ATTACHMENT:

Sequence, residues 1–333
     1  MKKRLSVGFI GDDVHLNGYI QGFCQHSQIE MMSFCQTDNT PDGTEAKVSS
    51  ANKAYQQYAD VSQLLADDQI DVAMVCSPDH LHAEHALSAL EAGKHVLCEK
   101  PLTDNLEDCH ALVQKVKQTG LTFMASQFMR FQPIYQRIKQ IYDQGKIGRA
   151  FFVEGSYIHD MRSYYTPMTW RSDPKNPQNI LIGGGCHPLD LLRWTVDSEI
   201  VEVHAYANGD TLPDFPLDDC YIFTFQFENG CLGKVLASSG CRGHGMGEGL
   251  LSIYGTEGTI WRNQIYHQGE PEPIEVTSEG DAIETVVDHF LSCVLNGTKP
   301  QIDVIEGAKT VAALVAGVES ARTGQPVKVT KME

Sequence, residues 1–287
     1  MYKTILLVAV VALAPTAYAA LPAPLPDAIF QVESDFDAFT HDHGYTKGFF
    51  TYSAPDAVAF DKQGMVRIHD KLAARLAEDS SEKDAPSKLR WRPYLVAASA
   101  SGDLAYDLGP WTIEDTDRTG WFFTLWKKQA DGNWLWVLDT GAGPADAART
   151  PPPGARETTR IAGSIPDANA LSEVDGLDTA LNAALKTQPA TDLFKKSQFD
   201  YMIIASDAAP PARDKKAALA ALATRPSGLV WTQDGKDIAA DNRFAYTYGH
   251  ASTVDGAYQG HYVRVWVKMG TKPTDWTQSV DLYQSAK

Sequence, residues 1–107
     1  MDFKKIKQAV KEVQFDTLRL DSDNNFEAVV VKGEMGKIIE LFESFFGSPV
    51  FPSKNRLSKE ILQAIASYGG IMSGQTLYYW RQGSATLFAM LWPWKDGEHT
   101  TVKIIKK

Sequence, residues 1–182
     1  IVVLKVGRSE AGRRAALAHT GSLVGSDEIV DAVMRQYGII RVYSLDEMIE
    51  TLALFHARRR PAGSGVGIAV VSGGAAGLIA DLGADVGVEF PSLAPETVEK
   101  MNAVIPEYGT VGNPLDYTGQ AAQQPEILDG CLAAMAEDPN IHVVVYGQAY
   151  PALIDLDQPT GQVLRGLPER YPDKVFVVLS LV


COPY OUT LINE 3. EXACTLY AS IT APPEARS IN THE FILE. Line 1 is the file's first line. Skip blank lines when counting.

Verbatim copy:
    51  ANKAYQQYAD VSQLLADDQI DVAMVCSPDH LHAEHALSAL EAGKHVLCEK